Friday, January 21, 2011

Mutual Fund Madness

I was about 21 years old when I thought it was time to start investing.  My father had instilled in me that it was a wise thing to do and the earlier you started the better.  This is all thanks to the miracle of compounding as I mentioned a bit in my last post.

I was fortunate enough to receive a small gift from a family member to help kick-start this process and get the ball rolling.  Sadly I think I spent most of this money on tuition for my masters, the copious quantity of beer and a computer.

Seeing as I was so focused on my studies with my artistic ideals intact (that I would be able to earn a reasonable living from my art) I thought that a financial advisor was the right way to go.  Some mutual funds were purchased and things chugged along doing almost nothing for many years as my career grew, stagnated and then retreated into a slow plod.

At this point in my life I had a small amount of debt.  Much of this was thanks to the fact that I did much of my schooling outside of Canada and thus didn't have any credit history, so nobody would even give me a credit card when I returned to Canada since they didn't know I even existed.  I tried to finance a vehicle and I had proof of sustainable income but I was declined as I had no history of any kind!

But, I digress...  My mutual fund holdings did essentially nothing for several years.  The advisor whom I liked got a better job with a different company and my account advisement was transferred to another agent.  His recommendations would have been perfect if I were a 75 year old pensioner and drawing on my pittance for the next few years until I ceased to exist.  But sadly I was 25 at the time and still hungering for fortune and glory and of course world domination through financial success.  Eventually this advisor saw the folly of his ways and transferred my account management to a guy who is on the ball and I actually like.  His ideas are straightforward and he's willing to listen to what I'm thinking and find products that fulfil that request.  Once I started participating in my financial future rather than leaving it in the hands of an advisor, my account started to grow.

Sadly, the financial explosion of 2008 happened and my net worth plummeted to half.  This while looking scary is what they call a "paper loss".  This means you only lose money if you sell.  Recovery is inevitable and my holdings recovered 100% of their previous value in about 13 months.

During the amazing plunge the stock market made during late 2008 I got the brilliant idea to start trying my own hand with a few bucks in the market to see how well I could do with only a small investment of time.  I was working a soul-crushing day job at this point in my life and was looking for any potential out I could find. (This job was the WORST decision of my life...  I'm glad it's over.)

So at nearly the bottom of the market I made a few picks and within a few short weeks I had nearly doubled the money I had started with.  (If only this rate of gain could have been sustainable!  It's not... recovery has slowed to a nice and steady rate.  This is by far much more reasonable.)  It was at this point where I started to hunger for more information and actually started to properly research what I was thinking of purchasing.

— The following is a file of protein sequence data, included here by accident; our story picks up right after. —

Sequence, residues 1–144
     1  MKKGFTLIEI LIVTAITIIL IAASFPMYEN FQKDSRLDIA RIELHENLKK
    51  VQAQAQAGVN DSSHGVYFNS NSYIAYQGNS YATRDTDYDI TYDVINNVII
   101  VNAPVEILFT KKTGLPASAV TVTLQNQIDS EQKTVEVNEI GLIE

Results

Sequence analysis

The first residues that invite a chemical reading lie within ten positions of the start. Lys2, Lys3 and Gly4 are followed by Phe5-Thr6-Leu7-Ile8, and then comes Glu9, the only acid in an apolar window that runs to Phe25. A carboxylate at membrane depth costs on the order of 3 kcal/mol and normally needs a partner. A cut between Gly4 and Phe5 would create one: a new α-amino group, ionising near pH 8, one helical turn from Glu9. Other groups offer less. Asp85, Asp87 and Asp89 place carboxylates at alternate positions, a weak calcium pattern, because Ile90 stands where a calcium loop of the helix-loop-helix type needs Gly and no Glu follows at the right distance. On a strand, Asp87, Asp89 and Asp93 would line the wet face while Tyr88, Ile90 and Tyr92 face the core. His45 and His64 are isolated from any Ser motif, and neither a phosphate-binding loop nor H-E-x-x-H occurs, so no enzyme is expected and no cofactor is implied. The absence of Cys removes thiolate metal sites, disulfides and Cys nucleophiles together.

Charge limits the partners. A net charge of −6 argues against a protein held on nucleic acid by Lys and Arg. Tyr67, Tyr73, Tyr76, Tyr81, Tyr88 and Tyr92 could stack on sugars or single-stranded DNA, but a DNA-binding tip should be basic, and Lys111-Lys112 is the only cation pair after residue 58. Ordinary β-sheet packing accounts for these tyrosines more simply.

Every time I looked into a mutual fund (with the exception of a small collection of funds my guy at the big bank picked WITH me) it all looked like it was a great thing to own... for the company that sells the units of the funds.  Remember, mutual funds have management fees that come out of the earnings of the fund.  If the fund doesn't make any money this year you're still on the hook for those fees!  Plus many funds have "loads" which is not-so-clever term for fee!  You pay to buy them, you pay to hold them and you pay to cash out.  What could be better than that?  (For the fund company!!!)

Some funds are of course better than others and many funds don't have commissions so you can make a regular purchase of $25.  However, with the exception of the small collection I have, I don't think I'll every buy mutual funds again.  They cost too much and don't get me enough return.

My humble opinion: Mutual funds are devices primarily for keeping mutual fund companies busy.  They hire lots of people to research, analyse, bean-count and mull over what to do.  This of course costs YOU money all while dangling a carrot on a stick promising potential gains.

How do you make this work for you?  Easy!  Buy stock of the companies that sell mutual fund units!  That way you win no matter what!  If the funds go up or down, the mutual fund company still collects fees from investors and then uses that money to pay staff, run the company and distribute to share holders.

Disclosure:  I own (and have owned) and like the following companies that sell mutual funds:
AGF Management Limited (TSX:AGF.B) currently hold a small position
Sprott Asset Management Inc. (TSX:SII) sold in May 2010, will buy again

Next time: making the investing plunge

Disclamer: By reading this blog you waive your right to sue me for any reason whatsoever.  The info you have gleaned/or stolen from me is entirely here for entertainment purposes only.  If you learn something from me than I'm happy, but if you lose your shirt/house/life-savings/girlfriend then you can't hold me responsible.  You also acknowledge that I'm just a small operator trying to hack out a living for myself and that my recommendations may win or they may lose.  (And I have lost... but thankfully I've gained more than I've lost)

1 comment:

  1. I work in the biz and love mutual funds ... I don't mind paying someone to do the work for me. Granted, I'm in a Group RRSP so I benefit from cheaper management fees.